Pelosi Makes Case for Budget Reconciliation To Pass Health Reform
During an exclusive interview with Roll Call on Tuesday, House Speaker Nancy Pelosi (D-Calif.) suggested that Democrats would not hesitate to use the parliamentary procedure of budget reconciliation to push a health care reform bill through the Senate with only 51 votes.
According to Roll Call, the Democrats' loss of a crucial seat in the Senate to Sen. Scott Brown (R-Mass.) last month -- ending their 60-vote filibuster-proof majority in the chamber -- has "revived" discussions in the party to bypass potential filibusters by the Republicans.
In recent weeks, Pelosi has rebuffed calls from the White House for the House to pass the Senate's reform bill (HR 3590) as it stands and instead has urged Senate Democrats to make revisions to the bill that would draw sufficient support in the House through a separate filibuster-proof budget reconciliation bill.
Pelosi Open To Bipartisan Push on Health Reform
During the interview with Roll Call, Pelosi also said that she is looking forward to hearing the Republicans' ideas for health care reform at the Feb. 25 televised bipartisan summit with President Obama.
Pelosi said that if "good idea[s]" emerge from the Feb. 25 meeting that work "for the American people, we are receptive to that" (Dennis, Roll Call, 2/10).
Gregg Offers Compromise Solution
In a letter to President Obama on Tuesday, Senate Budget Committee ranking member Judd Gregg (R-N.H.) welcomed the president's proposal for the bipartisan health care summit as an opportunity to spur "constructive dialogue" for health reform legislation and offered his own package of low-cost solutions to the debate, Politico reports.
Gregg's package -- titled "CPR: Coverage, Prevention, Reform" -- aims to promote preventive care and pledges to extend catastrophic coverage for all families.
At the center of Gregg's reform blueprint is a proposal that would guarantee all residents access to low-premium policies that shield them against catastrophic costs and provides them with preventive benefits and disease management under the deductible, Politico reports.
In the letter to Obama, Gregg said that the House and Senate reform bills should not be the base platform for the upcoming bipartisan discussions and reiterated that resolutions that hinge on deficit-reduction and cost-containment must be priorities of the talks.
Gregg has not yet put his proposal into legislative language (Rogers, Politico, 2/10).
Boehner, Cantor Continue Opposition to Democrats' Bills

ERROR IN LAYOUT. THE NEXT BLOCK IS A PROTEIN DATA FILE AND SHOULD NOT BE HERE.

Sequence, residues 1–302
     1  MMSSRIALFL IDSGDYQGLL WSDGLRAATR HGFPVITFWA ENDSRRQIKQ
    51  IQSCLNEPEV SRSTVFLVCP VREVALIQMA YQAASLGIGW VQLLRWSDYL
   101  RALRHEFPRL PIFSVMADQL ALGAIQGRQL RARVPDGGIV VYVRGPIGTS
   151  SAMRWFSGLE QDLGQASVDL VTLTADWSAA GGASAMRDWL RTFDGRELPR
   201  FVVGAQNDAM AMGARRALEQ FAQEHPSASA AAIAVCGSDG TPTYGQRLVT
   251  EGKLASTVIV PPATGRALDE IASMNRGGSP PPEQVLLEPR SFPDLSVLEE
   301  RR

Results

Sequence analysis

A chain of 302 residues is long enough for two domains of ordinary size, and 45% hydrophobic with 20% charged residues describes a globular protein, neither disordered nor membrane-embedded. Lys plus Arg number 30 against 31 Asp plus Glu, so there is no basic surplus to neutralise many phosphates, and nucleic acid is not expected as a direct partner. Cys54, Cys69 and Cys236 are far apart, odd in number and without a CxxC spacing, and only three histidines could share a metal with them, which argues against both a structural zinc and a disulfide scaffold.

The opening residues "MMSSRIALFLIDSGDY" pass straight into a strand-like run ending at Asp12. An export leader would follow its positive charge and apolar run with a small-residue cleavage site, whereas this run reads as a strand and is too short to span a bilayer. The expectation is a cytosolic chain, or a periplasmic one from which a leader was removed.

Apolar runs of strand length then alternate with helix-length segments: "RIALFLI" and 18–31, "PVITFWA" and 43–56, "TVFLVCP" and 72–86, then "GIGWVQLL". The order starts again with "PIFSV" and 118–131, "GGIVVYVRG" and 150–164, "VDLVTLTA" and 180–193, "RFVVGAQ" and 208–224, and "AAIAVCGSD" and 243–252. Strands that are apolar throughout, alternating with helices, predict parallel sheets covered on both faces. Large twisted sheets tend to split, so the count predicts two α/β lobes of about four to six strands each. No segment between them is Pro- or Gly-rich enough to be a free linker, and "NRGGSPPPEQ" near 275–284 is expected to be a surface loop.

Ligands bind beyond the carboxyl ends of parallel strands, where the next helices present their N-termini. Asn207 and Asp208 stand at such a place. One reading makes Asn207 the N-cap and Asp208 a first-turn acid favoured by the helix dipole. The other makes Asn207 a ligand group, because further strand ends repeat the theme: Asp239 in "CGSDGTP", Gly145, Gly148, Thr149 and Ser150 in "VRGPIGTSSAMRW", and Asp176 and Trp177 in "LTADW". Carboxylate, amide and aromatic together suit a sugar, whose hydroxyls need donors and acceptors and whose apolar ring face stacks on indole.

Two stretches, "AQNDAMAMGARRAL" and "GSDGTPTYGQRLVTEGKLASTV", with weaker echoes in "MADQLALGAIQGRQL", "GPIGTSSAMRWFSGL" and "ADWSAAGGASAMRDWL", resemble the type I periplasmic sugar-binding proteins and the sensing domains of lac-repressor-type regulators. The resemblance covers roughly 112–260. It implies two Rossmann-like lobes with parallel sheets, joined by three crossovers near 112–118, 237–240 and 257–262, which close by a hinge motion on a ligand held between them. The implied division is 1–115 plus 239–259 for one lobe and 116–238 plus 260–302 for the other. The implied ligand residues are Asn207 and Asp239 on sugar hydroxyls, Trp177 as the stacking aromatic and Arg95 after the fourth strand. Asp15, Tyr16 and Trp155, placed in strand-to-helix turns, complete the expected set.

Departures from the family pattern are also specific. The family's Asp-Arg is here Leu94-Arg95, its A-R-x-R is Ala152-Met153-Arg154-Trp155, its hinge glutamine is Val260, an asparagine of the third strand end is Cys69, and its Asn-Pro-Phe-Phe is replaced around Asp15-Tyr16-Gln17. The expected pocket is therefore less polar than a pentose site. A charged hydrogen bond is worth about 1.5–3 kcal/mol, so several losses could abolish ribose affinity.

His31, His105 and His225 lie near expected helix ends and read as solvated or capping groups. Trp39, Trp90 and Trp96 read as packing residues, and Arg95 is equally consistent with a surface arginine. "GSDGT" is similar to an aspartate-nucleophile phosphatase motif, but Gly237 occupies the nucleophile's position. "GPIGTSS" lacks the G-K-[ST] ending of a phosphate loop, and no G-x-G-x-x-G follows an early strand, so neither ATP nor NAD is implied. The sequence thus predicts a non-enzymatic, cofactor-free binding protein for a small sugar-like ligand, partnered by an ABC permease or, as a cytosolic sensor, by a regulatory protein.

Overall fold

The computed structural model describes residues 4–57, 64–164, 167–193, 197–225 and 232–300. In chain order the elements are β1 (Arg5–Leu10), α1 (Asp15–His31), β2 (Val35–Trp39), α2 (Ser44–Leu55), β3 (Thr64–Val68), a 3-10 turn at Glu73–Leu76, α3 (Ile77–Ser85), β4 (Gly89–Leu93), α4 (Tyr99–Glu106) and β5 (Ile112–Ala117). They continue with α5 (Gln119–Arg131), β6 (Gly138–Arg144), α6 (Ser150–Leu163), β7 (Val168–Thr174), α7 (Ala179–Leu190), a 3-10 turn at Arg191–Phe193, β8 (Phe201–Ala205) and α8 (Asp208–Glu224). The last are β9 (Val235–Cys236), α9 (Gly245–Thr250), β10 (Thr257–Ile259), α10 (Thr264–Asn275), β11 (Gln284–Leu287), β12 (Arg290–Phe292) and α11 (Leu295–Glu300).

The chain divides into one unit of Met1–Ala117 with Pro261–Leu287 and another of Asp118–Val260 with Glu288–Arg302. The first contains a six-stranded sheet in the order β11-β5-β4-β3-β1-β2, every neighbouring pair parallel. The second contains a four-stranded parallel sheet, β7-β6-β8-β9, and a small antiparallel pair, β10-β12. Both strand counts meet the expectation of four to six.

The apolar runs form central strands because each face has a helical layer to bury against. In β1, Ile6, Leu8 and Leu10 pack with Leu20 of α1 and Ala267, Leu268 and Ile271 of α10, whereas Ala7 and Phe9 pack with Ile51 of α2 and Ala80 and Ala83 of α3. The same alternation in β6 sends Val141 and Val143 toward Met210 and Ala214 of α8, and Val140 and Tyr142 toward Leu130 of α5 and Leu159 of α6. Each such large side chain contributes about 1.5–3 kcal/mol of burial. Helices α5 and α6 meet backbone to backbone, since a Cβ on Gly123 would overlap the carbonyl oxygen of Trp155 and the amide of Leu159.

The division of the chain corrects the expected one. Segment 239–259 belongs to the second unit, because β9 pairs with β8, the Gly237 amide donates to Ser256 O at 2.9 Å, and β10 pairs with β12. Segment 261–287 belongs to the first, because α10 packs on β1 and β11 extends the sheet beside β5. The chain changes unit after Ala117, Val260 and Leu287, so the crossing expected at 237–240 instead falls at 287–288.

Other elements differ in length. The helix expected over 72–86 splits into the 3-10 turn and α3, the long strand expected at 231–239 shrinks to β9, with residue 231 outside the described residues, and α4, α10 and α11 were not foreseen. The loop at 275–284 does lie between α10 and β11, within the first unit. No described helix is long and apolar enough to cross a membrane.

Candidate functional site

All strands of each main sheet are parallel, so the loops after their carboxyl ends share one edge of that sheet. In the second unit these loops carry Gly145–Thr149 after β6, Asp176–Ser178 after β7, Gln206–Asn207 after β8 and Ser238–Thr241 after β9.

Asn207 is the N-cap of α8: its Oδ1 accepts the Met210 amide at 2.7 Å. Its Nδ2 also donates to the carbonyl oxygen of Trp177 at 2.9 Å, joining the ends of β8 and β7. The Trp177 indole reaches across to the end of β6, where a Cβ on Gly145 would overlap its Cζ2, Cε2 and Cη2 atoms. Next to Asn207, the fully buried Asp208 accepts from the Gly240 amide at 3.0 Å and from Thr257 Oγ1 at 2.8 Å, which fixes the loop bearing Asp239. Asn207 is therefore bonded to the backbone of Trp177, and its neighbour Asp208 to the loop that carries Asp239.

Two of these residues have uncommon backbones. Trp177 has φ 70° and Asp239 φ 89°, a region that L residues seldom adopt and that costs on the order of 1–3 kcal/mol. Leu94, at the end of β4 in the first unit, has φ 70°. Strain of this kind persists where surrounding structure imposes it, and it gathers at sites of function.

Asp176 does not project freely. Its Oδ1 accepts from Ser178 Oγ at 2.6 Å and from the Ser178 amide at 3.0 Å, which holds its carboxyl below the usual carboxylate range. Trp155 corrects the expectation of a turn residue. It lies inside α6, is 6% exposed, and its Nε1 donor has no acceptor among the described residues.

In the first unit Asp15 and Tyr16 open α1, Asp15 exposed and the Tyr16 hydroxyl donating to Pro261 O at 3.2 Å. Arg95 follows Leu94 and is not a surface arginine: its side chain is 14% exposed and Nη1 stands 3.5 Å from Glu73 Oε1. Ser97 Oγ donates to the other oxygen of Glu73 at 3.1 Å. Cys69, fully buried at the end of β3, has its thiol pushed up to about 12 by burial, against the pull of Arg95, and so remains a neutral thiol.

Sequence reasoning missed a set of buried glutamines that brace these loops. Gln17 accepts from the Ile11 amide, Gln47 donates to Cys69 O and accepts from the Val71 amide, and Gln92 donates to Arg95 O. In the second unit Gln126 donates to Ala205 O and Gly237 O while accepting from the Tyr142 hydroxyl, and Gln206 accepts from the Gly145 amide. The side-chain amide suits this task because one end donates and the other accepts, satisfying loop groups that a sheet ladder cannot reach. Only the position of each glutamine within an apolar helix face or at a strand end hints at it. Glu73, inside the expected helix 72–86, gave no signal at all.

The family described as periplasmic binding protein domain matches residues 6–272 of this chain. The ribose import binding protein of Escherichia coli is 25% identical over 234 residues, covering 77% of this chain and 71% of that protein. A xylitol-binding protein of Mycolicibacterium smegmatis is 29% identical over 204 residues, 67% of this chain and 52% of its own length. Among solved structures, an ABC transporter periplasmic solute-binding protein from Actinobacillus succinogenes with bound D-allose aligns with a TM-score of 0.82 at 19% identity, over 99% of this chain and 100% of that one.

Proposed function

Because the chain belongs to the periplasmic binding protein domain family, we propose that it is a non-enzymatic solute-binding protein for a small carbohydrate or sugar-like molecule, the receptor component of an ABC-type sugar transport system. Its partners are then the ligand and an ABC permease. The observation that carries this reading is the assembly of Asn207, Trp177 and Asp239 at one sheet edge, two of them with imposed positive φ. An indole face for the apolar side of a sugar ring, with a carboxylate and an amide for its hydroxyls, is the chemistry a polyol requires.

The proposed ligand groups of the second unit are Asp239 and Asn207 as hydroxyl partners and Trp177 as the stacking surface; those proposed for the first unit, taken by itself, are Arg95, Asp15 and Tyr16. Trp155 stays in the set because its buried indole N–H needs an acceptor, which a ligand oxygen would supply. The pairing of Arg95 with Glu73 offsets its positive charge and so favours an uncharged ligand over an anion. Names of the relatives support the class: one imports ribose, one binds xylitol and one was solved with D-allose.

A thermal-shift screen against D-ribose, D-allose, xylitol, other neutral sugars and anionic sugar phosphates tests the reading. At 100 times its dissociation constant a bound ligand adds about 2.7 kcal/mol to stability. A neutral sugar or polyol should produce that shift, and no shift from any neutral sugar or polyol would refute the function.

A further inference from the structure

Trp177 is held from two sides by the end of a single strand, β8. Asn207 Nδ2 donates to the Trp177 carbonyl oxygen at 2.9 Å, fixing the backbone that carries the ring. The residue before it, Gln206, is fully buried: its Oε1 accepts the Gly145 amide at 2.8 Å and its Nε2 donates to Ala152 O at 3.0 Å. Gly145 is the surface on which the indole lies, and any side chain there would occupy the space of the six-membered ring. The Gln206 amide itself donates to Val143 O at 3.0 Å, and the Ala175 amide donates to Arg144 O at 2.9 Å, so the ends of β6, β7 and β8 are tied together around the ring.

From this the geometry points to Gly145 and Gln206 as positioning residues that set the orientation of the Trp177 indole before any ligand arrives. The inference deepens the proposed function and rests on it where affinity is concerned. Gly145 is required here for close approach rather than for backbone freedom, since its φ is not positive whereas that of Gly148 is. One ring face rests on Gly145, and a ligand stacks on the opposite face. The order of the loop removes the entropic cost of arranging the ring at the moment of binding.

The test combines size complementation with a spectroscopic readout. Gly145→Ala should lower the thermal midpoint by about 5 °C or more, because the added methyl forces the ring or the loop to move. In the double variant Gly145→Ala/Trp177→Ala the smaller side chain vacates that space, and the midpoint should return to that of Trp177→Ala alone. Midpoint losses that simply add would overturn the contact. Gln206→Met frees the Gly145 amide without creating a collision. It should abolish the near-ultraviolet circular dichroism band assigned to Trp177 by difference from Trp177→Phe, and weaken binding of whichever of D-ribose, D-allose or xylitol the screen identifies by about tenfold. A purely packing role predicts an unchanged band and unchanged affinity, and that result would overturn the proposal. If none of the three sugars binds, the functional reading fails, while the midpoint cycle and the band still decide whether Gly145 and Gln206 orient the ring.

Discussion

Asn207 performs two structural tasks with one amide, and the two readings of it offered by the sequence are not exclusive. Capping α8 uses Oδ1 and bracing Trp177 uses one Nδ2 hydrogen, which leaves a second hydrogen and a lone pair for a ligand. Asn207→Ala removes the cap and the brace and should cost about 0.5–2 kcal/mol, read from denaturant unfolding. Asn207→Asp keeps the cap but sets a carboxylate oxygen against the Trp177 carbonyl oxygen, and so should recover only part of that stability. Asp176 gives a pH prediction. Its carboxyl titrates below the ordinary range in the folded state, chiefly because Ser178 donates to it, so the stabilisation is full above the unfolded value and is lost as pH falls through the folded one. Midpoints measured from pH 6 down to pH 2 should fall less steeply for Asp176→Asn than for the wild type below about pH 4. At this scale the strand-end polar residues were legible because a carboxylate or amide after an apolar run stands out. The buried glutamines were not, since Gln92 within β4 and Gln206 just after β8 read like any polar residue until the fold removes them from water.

Meanwhile, in separate interviews with Fox News' Greta Van Susteren on Tuesday, House Minority Leader John Boehner (R-Ohio) and House Minority Whip Eric Cantor (R-Va.) continued to criticize Obama's pursuit of bipartisan reform talks with the Senate and House bills as the starting platform for the Feb. 25 summit, Politico's "Live Pulse" reports.
Boehner said, "We've asked the President all year to scrap this big government-takeover bill and let's start with a clean sheet of paper. Let's find out where we've got common ground and let's try to do the common sense, step-by-step approach to making our current system work better."
Cantor said, "We've got to start with reducing health care costs, and there are a lot of ways that we can work in a bipartisan way to do that. The fact is, the bill that failed to pass the House, that is the Senate bill, as well as the bill that did pass the House, have been resoundingly rejected by the American people" (Frates, "Live Pulse," Politico, 2/10).
Ryan Suggests Less Government Key to ReformDuring an interview with MSNBC's Andrea Mitchell, House Budget Committee ranking member Paul Ryan (R-Wis.) described health care reform legislation as a "fiscal train wreck" that could be resolved with more modest legislation that includes less federal government involvement. He said, "The architecture of this health care bill, which we believe, represents a government take over of the health care system -- we ought to scrap that, start over, and let's go down the list of fixing the problems that need fixing -- uninsurables, people who have preexisting conditions, making health care more affordable" (Shiner, "Live Pulse," Politico, 2/10). This is part of the California Healthline Daily Edition, a summary of health policy coverage from major news organizations. Sign up for an email subscription.